Contested Connectivity: Cyber Dangers Within the Asia-Pacific

cyber security

Asia-Pacific nations are confronting more and more hacking operations that are funded by the state for both economic and geopolitical goals. 

They are also becoming more adept in their execution. Foreign and domestic policy ambitions are surfacing through the internet, and state-linked actors are battling states’ adversaries, political foes, and global views, both openly by means of defacement (hacking the target site and replacing the material with a hacker’s messages) as well as in secret through disinformation operations. 

Although the basic cyber-desirable practices are still not accessible to the less cyber-capable states, some states within the region are among the most cyber-savvy globally. 

Making more of a variety of international alliances between industry and governments is likely to increase the region’s cyber security. Geopolitical and political alignments will influence how this develops.

Cyber Threats from and to the Asia-Pacific

The cyberspace’s physical layer includes submarine cables, and their landing sites can be a target for interruption during conflicts in the gray zone, war, and intelligence gathering. 

The Asia-Pacific’s connection to the world’s other regions depends on cables that run through the world’s congested shipping lanes and the waters in dispute within the South China Sea. There is a significant disruption to cables throughout the region. 

For instance, Taiwan’s Matsu Islands submarine cables have been repeatedly damaged in the last 2021 years and have been damaged by Chinese shipping and cargo vessels.

With rapid digitalization, obvious geopolitical rivalry, and competition, the Asia-Pacific region witnessed the biggest year-over-year cyber-attack boost in 2023. 

The area experienced 1,835 attacks per organization per week, as opposed to the average worldwide of 1,248. States have long conducted cyber-espionage actions against one another to obtain political advantage.

Governments Are Battling

Governments worldwide are battling the implications of dependence on the internet, including increasing the resilience of cyber-based disinformation campaigns. 

In Myanmar, Facebook and Twitter accounts and websites associated with the military were publishing and spreading public praises for the Army on the internet and also expressing disapproval of ethnic minorities and groups wiped out by the end of 2023.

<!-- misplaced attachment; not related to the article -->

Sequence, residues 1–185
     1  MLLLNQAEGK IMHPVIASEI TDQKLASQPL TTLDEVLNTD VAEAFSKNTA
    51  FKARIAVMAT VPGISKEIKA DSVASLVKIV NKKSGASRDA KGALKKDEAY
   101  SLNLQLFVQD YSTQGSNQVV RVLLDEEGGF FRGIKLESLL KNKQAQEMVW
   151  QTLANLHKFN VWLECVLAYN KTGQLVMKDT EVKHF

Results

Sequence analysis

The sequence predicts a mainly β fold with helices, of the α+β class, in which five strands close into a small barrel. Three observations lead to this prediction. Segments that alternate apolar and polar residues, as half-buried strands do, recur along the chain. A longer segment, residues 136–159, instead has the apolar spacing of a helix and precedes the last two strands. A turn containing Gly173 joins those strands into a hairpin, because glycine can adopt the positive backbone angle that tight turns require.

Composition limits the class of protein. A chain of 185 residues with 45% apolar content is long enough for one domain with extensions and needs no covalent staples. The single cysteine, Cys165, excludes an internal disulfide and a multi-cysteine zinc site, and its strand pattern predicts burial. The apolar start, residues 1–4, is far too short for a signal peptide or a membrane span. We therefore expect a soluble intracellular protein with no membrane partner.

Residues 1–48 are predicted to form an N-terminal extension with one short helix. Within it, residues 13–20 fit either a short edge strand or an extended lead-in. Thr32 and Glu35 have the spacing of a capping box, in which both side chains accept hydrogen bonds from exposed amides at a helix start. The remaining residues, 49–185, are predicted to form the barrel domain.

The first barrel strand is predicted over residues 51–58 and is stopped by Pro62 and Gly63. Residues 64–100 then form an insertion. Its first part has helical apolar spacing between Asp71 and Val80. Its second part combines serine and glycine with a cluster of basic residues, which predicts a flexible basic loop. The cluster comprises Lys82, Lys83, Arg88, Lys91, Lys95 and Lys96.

This is not the first occasion; the Taiwanese presidential election in January 2024 saw constant efforts by China-linked actors to create narratives and to deface public notice boards in a more comprehensive mental and information-based campaign. 

Japan Steps to Enhance Safety

Japan and other countries in the region are enhancing their capacity to protect themselves from harmful propaganda campaigns. 

Singapore continues to invest in increasing society’s resilience to disinformation campaigns and other threats as part of its “Total Defence’ initiative. However, not all countries in the region have as many resources and most likely will not be able – or have the political will to protect against cyber or information-related activities.

Asia-Pacific Partnerships for Cyber Defense

Cyber-attacks do not happen in isolation and are not limited to borders set by sovereign states. Allies are intensifying their efforts to increase cyber security by working with other countries. 

For instance, in early 2024, the US Marine Corps deployed cyber personnel to Okinawa, Japan, as part of a regular effort to strengthen network security. Alliances between allies to share, exercise sharing, and exchange intelligence are to be well-integrated.

The level of cyber-security practice differs widely across the region, which affects resilience and the capacity to recover from cyberattacks. 

For example, in the aftermath of a ransomware attack on Sri Lanka in August 2023, poor cyber security practices resulted in the Sri Lankan government being unable to recover three months’ worth of information as they had not taken backups of its data. 

While international and regional alliances are focusing more on technical capabilities, greater efforts are required to fundamentally raise cyber-perfect practices.

Cybersecurity Threats Are Likely to Increase

Cybersecurity threats are likely to increase and improve in the coming years as the Asia-Pacific continues to quickly connect the digital divide and as cybercriminals and state actors alike try to exploit weaknesses in an ever-growing attack surface.

The broader issues that have emerged because of technological advances, such as artificial intelligence, with implications on cyber defense and the future of war, are also likely to be at the top of the military establishment’s minds.

 Innovative technologies in this area can increase defense capabilities for all forces, but they aren’t likely to be evenly distributed.

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